Harry O. Morris’s Maldoror


Lautréamont’s delirious prose poem/novel/proto-Surrealist dream-text is sufficiently wild and free-ranging to inspire many visual interpretations. One of the peculiarities of the book is that all these interpretations are valid to some degree, although some still suit the general tone better than others. Quite a few of the well-known Surrealist artists had a crack at illustrating Les Chants de Maldoror but artists who don’t illustrate on a regular basis have a tendency to gesture vaguely at the given text while offering yet more of their own concerns.


Expert collage artist Harry O. Morris does a better job than Dalí, Magritte and co. in his depictions of Lautréamont’s mutable scenarios. Maldoror is very much a collaged text, a product of its author’s enthusiastic plagiarism, which suggests that if the book has to be illustrated at all then collage is the technique to use. Morris’s interpretation was published in 1983 as Scenes from Lautréamont’s Maldoror, a portfolio of 10 plates. A note from the artist on this page acknowledges the influence of photo-montagist JK Potter, Morris being better known for his collages of engraved illustrations and other pictorial matter.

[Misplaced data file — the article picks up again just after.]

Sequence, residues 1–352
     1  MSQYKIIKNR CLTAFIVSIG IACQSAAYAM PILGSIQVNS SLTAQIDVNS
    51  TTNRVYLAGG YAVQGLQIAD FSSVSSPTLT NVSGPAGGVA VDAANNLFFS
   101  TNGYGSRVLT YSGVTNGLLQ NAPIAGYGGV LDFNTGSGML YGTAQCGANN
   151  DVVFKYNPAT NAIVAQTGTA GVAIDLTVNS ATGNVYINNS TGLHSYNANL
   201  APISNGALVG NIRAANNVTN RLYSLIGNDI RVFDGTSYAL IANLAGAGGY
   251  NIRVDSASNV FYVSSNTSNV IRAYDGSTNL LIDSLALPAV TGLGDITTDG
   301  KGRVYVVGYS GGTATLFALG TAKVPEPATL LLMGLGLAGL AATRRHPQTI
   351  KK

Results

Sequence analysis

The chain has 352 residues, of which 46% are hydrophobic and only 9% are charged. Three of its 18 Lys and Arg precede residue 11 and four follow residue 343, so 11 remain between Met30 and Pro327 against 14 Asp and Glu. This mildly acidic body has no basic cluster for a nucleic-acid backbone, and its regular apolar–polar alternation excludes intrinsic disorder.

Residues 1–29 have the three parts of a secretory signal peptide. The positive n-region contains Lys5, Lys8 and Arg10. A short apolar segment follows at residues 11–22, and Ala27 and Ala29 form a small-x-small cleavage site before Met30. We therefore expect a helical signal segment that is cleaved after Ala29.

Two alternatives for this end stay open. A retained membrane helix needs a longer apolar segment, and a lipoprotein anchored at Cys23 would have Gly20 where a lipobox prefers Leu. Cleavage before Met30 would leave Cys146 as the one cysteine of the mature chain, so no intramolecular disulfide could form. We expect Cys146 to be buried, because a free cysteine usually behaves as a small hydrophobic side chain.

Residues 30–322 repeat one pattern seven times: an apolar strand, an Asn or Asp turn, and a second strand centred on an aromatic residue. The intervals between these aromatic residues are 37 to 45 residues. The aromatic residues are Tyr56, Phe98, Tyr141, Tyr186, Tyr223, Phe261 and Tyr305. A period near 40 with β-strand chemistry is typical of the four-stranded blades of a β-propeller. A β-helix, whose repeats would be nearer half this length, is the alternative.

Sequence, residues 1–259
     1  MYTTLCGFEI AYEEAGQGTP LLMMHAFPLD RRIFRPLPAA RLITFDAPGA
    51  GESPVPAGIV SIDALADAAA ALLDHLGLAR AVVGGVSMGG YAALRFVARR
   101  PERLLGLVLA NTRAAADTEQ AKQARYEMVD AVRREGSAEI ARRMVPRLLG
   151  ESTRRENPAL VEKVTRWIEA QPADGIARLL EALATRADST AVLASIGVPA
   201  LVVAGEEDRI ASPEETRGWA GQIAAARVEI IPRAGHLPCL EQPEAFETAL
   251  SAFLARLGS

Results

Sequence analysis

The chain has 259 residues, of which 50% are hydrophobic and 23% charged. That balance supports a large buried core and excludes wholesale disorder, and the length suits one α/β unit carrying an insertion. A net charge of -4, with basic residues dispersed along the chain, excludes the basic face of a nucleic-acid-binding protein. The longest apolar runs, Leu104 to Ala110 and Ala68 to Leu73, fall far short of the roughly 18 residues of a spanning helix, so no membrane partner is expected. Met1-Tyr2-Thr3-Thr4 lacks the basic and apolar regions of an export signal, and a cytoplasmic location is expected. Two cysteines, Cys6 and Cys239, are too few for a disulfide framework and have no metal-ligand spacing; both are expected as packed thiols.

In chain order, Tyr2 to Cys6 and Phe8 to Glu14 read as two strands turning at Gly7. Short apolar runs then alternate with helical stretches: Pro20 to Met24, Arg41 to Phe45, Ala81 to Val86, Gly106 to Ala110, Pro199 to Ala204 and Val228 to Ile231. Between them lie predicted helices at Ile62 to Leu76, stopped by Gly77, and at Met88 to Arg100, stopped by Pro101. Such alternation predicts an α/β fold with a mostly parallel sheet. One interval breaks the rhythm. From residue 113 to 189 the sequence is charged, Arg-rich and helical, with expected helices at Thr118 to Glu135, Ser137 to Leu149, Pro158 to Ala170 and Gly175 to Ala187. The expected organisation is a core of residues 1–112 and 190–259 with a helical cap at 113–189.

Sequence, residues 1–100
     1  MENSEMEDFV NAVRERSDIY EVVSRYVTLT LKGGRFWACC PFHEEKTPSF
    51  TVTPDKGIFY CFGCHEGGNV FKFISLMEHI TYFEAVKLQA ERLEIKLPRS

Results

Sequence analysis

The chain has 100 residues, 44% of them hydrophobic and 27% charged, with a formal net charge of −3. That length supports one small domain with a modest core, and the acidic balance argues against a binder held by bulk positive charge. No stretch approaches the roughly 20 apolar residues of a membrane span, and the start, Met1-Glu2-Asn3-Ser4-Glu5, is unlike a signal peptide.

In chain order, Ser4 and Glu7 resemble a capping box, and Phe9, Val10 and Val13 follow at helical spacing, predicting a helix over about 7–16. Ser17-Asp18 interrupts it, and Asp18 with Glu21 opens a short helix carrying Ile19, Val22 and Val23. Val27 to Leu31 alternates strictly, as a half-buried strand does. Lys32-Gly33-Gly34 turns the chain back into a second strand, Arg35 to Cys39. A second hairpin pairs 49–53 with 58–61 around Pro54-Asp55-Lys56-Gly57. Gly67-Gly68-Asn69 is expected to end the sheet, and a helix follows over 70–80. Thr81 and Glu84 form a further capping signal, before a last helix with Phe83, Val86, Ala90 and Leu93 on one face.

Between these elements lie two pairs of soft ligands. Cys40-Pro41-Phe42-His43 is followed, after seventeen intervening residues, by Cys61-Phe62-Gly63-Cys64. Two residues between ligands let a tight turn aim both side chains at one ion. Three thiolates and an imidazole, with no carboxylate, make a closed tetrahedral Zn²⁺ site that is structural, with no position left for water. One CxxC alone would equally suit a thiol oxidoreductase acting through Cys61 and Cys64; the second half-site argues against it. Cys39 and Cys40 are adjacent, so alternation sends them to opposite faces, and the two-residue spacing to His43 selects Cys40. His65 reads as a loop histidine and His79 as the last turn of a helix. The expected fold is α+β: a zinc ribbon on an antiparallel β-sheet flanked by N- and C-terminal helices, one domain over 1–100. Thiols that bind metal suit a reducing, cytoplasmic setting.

Elsewhere on { feuilleton }
The illustrators archive
The Surrealism archive

Previously on { feuilleton }
Covering Maldoror
Kenneth Anger’s Maldoror
Chance encounters on the dissecting table
Santiago Caruso’s Maldoror
Jacques Houplain’s Maldoror
Hans Bellmer’s Maldoror
Les Chants de Maldoror by Shuji Terayama
Ulysses versus Maldoror
Books of blood
Magritte’s Maldoror
Frans De Geetere’s illustrated Maldoror
Maldoror illustrated

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